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Open AccessArticle

The Relationship Between Healthy Eating Motivation and Protein Intake in Community-Dwelling Older Adults With Varying Functional Status

1
Institute for Biomedicine of Aging, Friedrich-Alexander-University of Erlangen-Nürnberg, Kobergerstraße 60, 90408 Nürnberg, Germany
2
Psychological Assessment and Health Psychology, University of Konstanz, Box 47, 78457 Konstanz, Germany
3
Else-Kröner-Fresenius-Center for Nutritional Medicine, Technical University of Munich, Gregor-Mendel-Straße, 85354 Freising-Weihenstephan, Germany
4
ZIEL Institute for Food and Health, Core Facility Human Studies, Technical University of Munich, Gregor-Mendel-Str. 2, 85354 Freising, Germany
5
Klinikum Rechts der Isar, Institute of Nutritional Medicine, Technical University of Munich, Georg-Brauchle-Ring 62, 80992 Munich, Germany
6
Department of Medicine, Kantonsspital Winterthur, Brauerstraße 15, 8400 Winterthur, Switzerland
*
Author to whom correspondence should be addressed.
Nutrients 2020, 12(3), 662; https://doi.org/10.3390/nu12030662
Received: 20 January 2020 / Revised: 24 February 2020 / Accepted: 26 February 2020 / Published: 28 February 2020
(This article belongs to the Section Nutritional Epidemiology)
In older adults, the relationship between healthy eating motivation (HEM) and protein intake as key component of a healthy diet is poorly understood. Therefore, we investigate the association of HEM with (1) total protein intake and (2) intake of different protein sources in older adults with varying functional status. In this cross-sectional study including 250 adults (≥70 years), we assessed HEM with “The Eating Motivation Survey” and protein intake by 7-day food records. In addition, gender, age, Body Mass Index (BMI), energy intake and functional status were considered. Regression analyses revealed that HEM was neither related to total (β = −0.02; p = 0.723) nor to relative protein intake (β = 0.04; p = 0.370). Notwithstanding this, participants with stronger HEM showed lower intake of protein from meat and meat products (β = −0.14; p = 0.018), higher intake of overall plant-based protein (β = 0.11; p = 0.032), protein from fruit and vegetables (β = 0.20; p = 0.002) and from pulses, nuts an seeds (β = 0.16; p = 0.016). Our findings suggest HEM as a valuable indicator for intake of distinct protein sources. However, since HEM is not related to total protein intake, the importance of sufficient protein consumption should be emphasized by promoting healthy eating, regardless of self-perceived HEM. View Full-Text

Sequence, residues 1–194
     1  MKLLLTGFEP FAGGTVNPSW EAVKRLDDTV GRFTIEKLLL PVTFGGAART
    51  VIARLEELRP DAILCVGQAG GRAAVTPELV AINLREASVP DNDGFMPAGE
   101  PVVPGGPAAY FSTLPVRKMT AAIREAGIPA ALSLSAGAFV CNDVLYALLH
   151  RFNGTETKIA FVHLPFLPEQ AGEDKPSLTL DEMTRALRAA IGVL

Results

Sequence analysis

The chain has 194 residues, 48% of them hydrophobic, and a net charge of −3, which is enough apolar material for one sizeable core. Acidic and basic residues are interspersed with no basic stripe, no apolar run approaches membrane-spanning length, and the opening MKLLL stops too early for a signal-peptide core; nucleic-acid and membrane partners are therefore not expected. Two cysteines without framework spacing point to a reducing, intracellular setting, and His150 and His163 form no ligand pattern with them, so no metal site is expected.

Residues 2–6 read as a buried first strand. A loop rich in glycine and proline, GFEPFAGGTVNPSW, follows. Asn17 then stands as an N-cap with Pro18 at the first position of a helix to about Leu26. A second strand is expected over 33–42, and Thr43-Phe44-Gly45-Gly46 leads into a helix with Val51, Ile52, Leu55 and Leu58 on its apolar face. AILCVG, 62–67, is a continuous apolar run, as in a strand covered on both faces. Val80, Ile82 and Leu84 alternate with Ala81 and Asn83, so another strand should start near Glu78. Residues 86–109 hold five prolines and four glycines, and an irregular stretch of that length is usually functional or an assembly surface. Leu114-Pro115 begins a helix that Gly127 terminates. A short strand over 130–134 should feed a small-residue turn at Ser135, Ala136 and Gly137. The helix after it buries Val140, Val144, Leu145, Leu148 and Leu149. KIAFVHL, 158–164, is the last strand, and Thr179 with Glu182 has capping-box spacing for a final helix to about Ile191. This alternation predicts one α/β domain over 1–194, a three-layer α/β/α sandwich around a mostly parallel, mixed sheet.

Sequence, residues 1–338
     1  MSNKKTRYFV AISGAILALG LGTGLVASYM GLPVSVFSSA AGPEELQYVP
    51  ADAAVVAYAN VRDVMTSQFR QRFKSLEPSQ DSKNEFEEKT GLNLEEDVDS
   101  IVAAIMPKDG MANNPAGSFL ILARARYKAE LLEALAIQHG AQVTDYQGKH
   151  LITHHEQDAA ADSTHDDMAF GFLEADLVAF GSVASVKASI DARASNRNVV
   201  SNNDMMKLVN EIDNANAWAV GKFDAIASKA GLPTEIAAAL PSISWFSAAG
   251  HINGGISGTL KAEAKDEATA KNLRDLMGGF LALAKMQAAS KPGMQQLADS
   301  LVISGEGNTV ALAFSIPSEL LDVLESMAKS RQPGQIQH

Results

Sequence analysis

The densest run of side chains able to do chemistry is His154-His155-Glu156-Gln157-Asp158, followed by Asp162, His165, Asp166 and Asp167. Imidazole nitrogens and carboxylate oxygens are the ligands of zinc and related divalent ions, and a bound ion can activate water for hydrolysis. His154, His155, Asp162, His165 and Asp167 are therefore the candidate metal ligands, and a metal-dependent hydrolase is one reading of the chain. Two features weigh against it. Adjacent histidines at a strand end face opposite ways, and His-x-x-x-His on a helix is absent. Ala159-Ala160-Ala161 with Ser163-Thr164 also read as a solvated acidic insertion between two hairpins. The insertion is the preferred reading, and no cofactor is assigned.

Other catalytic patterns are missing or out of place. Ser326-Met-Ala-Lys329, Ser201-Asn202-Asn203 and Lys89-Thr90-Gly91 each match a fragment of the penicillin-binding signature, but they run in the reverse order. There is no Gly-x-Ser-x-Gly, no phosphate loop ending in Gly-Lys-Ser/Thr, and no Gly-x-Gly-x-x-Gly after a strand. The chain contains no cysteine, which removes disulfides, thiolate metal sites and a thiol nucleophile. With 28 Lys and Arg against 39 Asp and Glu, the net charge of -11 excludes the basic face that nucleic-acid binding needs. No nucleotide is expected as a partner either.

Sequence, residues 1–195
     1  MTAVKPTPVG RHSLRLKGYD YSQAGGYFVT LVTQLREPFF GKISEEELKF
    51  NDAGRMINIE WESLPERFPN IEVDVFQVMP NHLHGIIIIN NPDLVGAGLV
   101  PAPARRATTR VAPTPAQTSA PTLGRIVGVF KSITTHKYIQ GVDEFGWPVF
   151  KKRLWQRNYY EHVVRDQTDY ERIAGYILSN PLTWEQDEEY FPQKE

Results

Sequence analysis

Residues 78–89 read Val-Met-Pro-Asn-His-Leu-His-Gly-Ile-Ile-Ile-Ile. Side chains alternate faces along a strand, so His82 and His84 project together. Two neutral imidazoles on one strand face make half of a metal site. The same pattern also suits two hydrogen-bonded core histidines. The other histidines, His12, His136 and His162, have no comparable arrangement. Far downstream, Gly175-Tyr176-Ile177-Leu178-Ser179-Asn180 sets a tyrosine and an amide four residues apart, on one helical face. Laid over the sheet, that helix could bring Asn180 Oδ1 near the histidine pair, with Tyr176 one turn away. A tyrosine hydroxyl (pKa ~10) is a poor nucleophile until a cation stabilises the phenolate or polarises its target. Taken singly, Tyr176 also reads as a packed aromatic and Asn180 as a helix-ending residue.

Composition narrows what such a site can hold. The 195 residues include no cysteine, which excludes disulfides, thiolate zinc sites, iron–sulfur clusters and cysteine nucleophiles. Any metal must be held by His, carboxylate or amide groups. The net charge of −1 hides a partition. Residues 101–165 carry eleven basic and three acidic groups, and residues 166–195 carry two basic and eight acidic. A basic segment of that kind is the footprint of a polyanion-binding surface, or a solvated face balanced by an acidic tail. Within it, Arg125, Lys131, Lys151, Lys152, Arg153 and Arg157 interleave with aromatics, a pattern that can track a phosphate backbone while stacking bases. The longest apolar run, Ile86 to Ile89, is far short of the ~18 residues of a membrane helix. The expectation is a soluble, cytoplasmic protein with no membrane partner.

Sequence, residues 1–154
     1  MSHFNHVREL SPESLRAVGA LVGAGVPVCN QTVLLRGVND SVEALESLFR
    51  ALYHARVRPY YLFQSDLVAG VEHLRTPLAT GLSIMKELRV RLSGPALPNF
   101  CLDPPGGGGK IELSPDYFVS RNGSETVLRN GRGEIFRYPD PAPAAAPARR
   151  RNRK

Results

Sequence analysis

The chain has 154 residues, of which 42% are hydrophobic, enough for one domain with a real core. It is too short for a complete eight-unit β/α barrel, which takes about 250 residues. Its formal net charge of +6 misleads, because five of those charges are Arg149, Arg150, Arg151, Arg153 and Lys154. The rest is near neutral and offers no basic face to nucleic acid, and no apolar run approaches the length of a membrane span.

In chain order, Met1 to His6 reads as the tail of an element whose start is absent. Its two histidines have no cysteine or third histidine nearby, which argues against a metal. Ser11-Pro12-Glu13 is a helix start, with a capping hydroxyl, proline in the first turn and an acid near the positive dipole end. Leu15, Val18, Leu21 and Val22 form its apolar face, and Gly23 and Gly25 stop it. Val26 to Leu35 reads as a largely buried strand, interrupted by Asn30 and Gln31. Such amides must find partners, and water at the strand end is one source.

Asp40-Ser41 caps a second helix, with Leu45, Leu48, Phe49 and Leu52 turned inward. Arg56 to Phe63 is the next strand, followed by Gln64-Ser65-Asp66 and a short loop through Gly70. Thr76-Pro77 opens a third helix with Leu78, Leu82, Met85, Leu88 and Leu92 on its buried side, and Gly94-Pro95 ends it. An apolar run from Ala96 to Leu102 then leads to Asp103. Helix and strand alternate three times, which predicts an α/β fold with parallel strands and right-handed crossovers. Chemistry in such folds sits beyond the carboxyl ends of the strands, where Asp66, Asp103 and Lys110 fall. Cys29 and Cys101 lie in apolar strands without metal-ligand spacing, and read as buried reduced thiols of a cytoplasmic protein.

Keywords: protein intake; protein sources; healthy eating motivation; older adults; functional status protein intake; protein sources; healthy eating motivation; older adults; functional status
MDPI and ACS Style

Rempe, H.M.; Sproesser, G.; Hannink, A.; Skurk, T.; Brandl, B.; Hauner, H.; Renner, B.; Volkert, D.; Sieber, C.C.; Freiberger, E.; Kiesswetter, E. The Relationship Between Healthy Eating Motivation and Protein Intake in Community-Dwelling Older Adults With Varying Functional Status. Nutrients 2020, 12, 662.

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